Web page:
Expert’s views on ‘Early Childhood Care and Education’

 

Dr.Usha Abrol has a doctorate in psychology. She was the regional director of national institute of Public Cooperation and Child Development and has over 20 years of research experience with integrated Child Development Services. She is currently a consultant for the Centre of early Childhood education and Development, Shri Ratan Tata trust, Save the Children Foundation, UNICEF and Akshara Foundation.

Early childhood is the most critical period in a human life, having life- long implications. Despite a well- intentioned policy for ‘early childhood care and education’ (ECCE), the gap between policy and implementation is a matter of grave concern. The quality dimensions of services need to be raised if the situation of children in the country is to be positively impacted.

Integrated Child Development Services (ICDS) is the largest child development programme in the country providing an integrated package of services to meet the developmental needs of children below six years. While accessibility to these services has improved dramatically with the programme expanding from 33 projects in 1975 to 7,075 projects in 2015–16, the quality of the programme has remained stagnant.

Within the ICDS programme, informal pre-school education (PSE) remains weak. The Anganwadis continue to be seen as centres for food distribution with little educational input. With education of children rising to the top of the people’s agenda, Anganwadis are falling short of people’s aspirations. This has resulted in private schools mushrooming in rural and tribal areas.

Challenges facing the programme and strategies to meet them are as follows:

Work overload of the Anganwadi Workers (AWWs) The ICDS proposal to give PSE for three hours every day is falling short in most Anganwadis as AWWs are being overburdened with responsibilities relating to nutrition, immunization, monitoring the growth of children, caring for pregnant and nursing mothers and the formation of Self Help Groups. The logistics of providing an additional worker, exclusively for PSE, must be explored.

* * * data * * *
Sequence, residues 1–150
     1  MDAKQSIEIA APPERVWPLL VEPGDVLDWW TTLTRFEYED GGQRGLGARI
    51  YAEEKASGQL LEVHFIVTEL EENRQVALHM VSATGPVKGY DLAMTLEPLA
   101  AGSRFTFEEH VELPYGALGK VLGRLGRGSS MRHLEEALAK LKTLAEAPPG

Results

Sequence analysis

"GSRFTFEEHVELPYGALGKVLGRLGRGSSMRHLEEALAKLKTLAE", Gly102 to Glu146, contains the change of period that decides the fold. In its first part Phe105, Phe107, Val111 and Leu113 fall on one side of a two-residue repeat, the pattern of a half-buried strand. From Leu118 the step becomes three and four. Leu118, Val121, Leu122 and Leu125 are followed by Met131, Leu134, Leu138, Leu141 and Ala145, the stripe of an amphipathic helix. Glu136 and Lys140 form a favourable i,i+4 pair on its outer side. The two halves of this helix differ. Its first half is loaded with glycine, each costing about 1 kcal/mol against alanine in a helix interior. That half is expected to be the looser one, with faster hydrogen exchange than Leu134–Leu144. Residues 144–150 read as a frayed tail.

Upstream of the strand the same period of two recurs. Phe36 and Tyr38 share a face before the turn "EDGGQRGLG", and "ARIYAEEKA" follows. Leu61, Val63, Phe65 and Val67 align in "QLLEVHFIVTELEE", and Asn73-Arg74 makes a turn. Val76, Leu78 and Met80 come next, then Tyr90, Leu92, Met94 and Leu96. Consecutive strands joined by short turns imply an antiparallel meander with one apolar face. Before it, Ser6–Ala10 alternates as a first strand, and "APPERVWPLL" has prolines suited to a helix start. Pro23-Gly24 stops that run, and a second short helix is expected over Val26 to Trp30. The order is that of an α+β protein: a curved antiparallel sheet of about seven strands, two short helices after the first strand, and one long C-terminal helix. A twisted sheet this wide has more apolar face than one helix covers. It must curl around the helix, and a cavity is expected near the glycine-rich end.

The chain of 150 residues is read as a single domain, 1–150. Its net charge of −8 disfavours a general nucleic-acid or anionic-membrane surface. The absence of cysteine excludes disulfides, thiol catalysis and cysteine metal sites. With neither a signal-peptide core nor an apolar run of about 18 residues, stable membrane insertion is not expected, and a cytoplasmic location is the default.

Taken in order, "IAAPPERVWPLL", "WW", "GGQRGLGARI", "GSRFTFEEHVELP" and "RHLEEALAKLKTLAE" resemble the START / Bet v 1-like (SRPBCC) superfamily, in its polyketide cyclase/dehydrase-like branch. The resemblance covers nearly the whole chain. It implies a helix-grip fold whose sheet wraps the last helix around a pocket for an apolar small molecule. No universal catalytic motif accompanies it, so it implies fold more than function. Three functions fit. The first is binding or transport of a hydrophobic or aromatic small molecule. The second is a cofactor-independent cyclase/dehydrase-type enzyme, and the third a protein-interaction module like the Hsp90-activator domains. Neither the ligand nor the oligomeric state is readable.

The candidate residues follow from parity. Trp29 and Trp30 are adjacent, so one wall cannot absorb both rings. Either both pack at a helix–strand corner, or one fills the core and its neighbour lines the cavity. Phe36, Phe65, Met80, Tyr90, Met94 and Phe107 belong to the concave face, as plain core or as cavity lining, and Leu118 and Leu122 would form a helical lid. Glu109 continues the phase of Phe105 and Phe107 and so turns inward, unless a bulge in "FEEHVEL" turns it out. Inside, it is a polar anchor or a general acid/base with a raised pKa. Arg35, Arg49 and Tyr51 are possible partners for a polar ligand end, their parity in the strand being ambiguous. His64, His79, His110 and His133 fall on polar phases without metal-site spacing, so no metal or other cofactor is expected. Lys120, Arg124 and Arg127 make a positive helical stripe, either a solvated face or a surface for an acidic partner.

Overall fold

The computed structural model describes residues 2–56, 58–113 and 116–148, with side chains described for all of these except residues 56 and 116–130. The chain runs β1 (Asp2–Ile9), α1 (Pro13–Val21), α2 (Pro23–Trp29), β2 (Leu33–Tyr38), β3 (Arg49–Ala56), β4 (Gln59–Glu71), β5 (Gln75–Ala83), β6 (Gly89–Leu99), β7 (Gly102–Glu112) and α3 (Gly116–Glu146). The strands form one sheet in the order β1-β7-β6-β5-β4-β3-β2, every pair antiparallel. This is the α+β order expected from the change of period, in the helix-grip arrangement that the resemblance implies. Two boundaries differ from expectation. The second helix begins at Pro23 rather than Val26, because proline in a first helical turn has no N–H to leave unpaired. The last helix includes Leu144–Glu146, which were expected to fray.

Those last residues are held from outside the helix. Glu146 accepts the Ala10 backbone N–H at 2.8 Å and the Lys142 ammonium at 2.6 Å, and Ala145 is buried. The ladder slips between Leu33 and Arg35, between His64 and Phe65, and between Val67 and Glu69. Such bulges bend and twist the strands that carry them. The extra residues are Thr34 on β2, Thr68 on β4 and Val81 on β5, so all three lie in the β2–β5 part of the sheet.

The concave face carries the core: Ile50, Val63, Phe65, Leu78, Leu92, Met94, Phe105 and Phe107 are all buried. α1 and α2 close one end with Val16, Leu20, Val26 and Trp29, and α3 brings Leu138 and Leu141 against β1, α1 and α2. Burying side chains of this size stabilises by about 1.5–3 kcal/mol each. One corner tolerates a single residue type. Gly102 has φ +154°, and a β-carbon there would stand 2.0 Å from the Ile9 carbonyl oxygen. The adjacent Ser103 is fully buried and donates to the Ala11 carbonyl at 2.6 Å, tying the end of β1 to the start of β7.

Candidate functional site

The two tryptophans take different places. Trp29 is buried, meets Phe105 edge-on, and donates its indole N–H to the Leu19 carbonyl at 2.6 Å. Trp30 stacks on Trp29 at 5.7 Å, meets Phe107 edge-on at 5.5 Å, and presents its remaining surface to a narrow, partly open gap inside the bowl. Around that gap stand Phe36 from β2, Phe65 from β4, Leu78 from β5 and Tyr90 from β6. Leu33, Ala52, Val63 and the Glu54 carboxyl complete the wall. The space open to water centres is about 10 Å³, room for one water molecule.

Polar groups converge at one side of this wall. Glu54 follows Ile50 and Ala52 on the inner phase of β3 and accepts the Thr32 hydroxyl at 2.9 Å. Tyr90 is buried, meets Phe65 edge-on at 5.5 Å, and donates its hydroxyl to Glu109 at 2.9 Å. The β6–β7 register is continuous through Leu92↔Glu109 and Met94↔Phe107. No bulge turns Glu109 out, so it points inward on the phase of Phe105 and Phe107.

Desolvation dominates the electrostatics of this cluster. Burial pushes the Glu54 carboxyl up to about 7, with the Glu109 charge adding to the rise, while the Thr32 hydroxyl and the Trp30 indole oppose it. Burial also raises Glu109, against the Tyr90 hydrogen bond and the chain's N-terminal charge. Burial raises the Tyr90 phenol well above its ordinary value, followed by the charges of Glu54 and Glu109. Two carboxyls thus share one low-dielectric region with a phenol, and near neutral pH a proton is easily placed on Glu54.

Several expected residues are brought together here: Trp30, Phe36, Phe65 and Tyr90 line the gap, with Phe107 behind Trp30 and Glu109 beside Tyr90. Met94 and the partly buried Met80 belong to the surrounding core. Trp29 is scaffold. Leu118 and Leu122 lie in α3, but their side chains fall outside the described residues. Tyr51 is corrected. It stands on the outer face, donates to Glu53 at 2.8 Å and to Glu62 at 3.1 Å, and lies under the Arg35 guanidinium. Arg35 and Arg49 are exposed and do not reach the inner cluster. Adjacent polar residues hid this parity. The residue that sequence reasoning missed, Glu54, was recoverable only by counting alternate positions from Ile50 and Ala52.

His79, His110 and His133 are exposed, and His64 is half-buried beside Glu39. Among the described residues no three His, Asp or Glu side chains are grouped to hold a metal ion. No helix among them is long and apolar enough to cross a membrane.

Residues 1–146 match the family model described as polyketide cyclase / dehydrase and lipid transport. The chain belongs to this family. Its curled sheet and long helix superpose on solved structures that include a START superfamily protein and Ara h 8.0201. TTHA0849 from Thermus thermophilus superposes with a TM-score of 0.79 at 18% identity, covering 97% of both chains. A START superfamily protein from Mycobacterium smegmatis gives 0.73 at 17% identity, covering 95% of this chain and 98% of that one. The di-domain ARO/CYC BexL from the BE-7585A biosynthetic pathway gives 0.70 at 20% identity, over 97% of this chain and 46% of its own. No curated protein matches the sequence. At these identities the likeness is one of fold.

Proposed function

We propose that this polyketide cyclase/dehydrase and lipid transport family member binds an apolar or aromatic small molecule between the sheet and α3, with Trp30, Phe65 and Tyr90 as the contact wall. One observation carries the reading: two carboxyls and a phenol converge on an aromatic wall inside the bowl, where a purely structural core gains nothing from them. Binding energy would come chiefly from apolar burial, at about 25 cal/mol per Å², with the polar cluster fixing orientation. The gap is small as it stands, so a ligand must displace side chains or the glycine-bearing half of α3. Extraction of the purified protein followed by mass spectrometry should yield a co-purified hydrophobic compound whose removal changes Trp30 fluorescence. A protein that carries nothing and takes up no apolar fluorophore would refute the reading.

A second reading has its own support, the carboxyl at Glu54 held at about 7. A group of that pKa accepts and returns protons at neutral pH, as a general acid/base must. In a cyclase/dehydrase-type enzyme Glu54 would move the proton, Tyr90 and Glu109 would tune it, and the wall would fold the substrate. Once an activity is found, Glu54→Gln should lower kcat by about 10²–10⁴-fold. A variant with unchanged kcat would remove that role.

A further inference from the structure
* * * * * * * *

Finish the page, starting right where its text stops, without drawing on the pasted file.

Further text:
Capacity Building of AWWs and Helpers Formulating strategies towards transforming Anganwadis into “vibrant learning centres” from mere “food distribution centres” has been outlined in the new ECCE policy. One of the goals of PSE is to teach children a set of skills especially in the domain of cognitive development so as to prepare them for later schooling. A well planned curriculum, adequate guidance, together with teaching and learning material (TLM) given to AWWs, results in better learning achievements in children. (Akshara Foundation, 2009–10). In addition, the existing system of one-time institutional training and occasional refresher courses for grassroots-level workers is not enough. A decentralized training strategy provided

in small doses in a concurrent manner is required to upgrade the skills of the AWWs in providing quality PSE.